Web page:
Written by THOMAS H. KOVACH
Published May 22, 2010 – The News Journal
Unless significant changes are implemented within New Castle County government, the unsustainable burden on our citizens and employers will continue to grow. We cannot continue to increase spending and future liabilities, while failing to take advantage of the many opportunities to retool and refocus a government full of redundancy and inefficiencies.
The proposed budget offers no “vertical cuts” of departments, no consolidations or mergers, no public-private or public-public partnerships and no service eliminations. It is imperative for the economic sustainability of our county to start making tough decisions and address long-standing fiscal problems in the county.
In tough economic times, developing a budget is no easy task. I recognize that the county executive has proposed a budget for fiscal year 2012 that appears to be balanced, and I give him credit for not dipping into dwindling county surplus funds for the first time in years.
However, this proposed budget results in more than $57 million in deficit spending over the next five years. Further, the proposed budget only masks underlying fiscal problems by enlarging our ever-expanding county debt, again raising our sewer rates and increasing the sewer capital budget beyond the established debt ceiling and increasing personnel costs.
Payment toward debt service, which is what the county pays to borrow money, has increased by 80 percent over the past five years. Despite debt service being capped, the proposed budget exceeds the debt limit for the sewer fund and is nearing the limit for the general fund. In the next fiscal year, total debt service is budgeted to increase an additional $3 million. The county cannot continue to run over its credit limit, no more than a business or individual can, without serious adverse consequences.
If the decision is made that additional funds should be spent on capital improvements for our infrastructure, we cannot just borrow more money, even at low rates. The county should act with fiscal responsibility, using funds from our operating budget. Instead, the county plans to borrow more money and increase sewer rates.
To reduce expenses, county personnel costs must be carefully examined, as they account for approximately 75 percent of the operating budget. Despite this, the proposed budget actually increases the county’s cost per employee. Two years ago, a 5 percent downward adjustment was made to county salaries due to the economic downturn.
In the private sector over the past two years, salaries and benefits have been slashed, while unemployment has grown dramatically. Ignoring this reality, the county executive proposes to now give a 5 percent salary increase to county employees. Instead of spending limited resources proactively by repairing infrastructure and boosting private-sector employment, the current budget proposal uses limited funds to increase employee wages (on top of normal step increases), resulting in increased costs that will have to be absorbed each and every year.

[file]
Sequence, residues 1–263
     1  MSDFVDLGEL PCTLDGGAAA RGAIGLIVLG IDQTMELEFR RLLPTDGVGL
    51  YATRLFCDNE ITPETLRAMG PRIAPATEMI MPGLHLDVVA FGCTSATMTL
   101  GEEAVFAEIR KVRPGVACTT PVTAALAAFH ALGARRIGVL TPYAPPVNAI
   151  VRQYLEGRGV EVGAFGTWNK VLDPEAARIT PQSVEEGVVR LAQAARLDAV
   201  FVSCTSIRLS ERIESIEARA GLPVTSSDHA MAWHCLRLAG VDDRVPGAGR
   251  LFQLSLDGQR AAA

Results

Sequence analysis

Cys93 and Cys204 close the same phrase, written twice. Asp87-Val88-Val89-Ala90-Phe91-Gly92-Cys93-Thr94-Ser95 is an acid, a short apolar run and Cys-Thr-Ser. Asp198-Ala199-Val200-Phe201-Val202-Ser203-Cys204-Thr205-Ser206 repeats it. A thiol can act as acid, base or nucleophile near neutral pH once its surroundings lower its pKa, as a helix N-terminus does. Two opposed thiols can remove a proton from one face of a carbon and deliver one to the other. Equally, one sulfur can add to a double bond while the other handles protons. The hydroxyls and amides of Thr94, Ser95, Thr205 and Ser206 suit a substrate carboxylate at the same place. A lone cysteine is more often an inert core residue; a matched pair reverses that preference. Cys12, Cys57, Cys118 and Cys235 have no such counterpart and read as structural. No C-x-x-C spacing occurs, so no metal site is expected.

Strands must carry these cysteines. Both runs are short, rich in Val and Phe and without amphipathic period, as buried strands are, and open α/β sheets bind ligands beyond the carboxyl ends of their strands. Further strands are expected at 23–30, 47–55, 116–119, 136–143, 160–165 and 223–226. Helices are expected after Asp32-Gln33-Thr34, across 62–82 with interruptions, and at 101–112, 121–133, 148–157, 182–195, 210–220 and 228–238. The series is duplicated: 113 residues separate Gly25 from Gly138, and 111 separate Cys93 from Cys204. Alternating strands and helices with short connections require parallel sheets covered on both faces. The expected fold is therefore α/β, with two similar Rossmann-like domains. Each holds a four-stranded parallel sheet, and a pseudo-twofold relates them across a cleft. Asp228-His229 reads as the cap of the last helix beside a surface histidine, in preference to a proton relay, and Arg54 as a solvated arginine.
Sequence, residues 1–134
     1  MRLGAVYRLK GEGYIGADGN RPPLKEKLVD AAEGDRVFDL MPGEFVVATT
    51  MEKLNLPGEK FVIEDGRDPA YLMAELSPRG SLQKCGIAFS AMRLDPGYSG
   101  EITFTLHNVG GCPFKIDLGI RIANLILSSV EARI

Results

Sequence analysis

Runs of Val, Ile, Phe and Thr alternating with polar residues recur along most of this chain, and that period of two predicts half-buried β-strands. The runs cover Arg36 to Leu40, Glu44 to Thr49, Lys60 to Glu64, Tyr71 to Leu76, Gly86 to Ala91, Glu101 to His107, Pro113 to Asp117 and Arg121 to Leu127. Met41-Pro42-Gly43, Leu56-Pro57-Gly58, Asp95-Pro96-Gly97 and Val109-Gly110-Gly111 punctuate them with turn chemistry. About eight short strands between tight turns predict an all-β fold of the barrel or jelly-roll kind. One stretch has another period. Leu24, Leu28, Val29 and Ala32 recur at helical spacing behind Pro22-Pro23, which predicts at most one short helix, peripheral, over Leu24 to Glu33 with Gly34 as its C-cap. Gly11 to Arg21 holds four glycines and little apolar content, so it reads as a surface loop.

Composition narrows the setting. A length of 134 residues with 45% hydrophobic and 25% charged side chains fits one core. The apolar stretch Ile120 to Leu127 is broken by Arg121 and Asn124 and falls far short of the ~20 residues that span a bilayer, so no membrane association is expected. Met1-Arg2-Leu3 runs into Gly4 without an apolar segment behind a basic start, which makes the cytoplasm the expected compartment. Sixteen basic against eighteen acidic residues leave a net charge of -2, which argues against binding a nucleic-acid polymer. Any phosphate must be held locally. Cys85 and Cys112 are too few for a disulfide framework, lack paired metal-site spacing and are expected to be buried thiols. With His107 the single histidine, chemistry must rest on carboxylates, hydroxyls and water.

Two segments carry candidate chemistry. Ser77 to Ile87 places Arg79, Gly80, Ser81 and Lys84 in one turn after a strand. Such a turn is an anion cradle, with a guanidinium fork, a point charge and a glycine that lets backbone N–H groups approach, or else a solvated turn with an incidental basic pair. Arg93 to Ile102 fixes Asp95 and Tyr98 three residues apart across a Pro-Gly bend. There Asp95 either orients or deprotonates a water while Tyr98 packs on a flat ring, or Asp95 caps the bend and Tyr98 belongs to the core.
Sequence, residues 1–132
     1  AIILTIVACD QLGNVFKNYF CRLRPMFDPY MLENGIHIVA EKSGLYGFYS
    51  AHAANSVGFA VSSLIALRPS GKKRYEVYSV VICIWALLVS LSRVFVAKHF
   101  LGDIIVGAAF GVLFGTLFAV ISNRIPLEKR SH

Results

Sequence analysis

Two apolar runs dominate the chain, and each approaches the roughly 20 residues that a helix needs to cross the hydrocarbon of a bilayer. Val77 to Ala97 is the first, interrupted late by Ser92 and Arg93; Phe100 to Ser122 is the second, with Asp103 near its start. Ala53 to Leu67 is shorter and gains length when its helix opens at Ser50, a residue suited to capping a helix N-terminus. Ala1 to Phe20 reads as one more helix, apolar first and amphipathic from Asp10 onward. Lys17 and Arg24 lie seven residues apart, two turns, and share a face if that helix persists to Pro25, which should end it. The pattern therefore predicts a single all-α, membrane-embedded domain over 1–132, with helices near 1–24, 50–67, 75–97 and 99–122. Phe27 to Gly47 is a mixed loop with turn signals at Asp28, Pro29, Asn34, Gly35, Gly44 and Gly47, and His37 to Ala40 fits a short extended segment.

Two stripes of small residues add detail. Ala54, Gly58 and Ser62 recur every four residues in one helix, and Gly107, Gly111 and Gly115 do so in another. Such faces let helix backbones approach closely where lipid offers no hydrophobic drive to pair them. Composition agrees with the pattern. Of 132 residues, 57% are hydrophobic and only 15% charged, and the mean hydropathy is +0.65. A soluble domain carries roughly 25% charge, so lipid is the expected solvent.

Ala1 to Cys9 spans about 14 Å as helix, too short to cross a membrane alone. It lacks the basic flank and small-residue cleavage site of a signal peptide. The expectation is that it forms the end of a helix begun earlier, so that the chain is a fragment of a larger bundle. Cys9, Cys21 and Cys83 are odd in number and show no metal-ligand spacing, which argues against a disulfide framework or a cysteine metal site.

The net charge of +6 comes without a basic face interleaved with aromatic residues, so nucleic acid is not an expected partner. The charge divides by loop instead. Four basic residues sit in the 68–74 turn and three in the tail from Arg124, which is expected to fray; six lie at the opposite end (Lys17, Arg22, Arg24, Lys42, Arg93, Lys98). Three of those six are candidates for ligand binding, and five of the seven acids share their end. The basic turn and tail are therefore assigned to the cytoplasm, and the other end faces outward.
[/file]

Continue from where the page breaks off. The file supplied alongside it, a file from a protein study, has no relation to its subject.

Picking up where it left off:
The cost of employee benefits poses enormous problems now and into the future. The ratio of benefits to salary for county employees is disproportionate, almost 50 percent. This means for every dollar in salary, an extra 50 cents is spent on employee benefits. In the private sector, the goal is 30 percent, and anything above 40 percent is financially devastating.
Unfunded liabilities for retirees’ benefits are a staggering $239 million. In the coming years, a growing number of retirees will add pressure to the system. It’s past time to require increases in the contribution level for the current employees’ pension plan and to introduce a defined contribution plan for new employees. In addition, the county should consider reducing or eliminating retiree health care coverage for new hires and future retirees and consider increasing the contribution rate for current retirees.
To reduce the costs of health benefits, the county could increase co-pays for non-generic drugs, encouraging the use of more affordable medicines; increase deductibles, coupled with the use of health savings accounts; and increase the minimal employee contribution for health care coverage, which is at a level substantially below the private sector.
I cannot support the proposed budget when the above issues remain unaddressed. I have consistently heard from residents who are ready to support efforts toward consolidation, reprioritizing capital investment and reworking the county compensation system — changes necessary to adjust to our fiscal reality.
These actions will give us a much better chance to become a sustainable government without requiring the “revenue enhancements” of further tax increases.
Making tough decisions now is hard, but our work will be even harder facing a $57 million shortfall.
Thomas H. Kovach is the president of the New Castle County Council.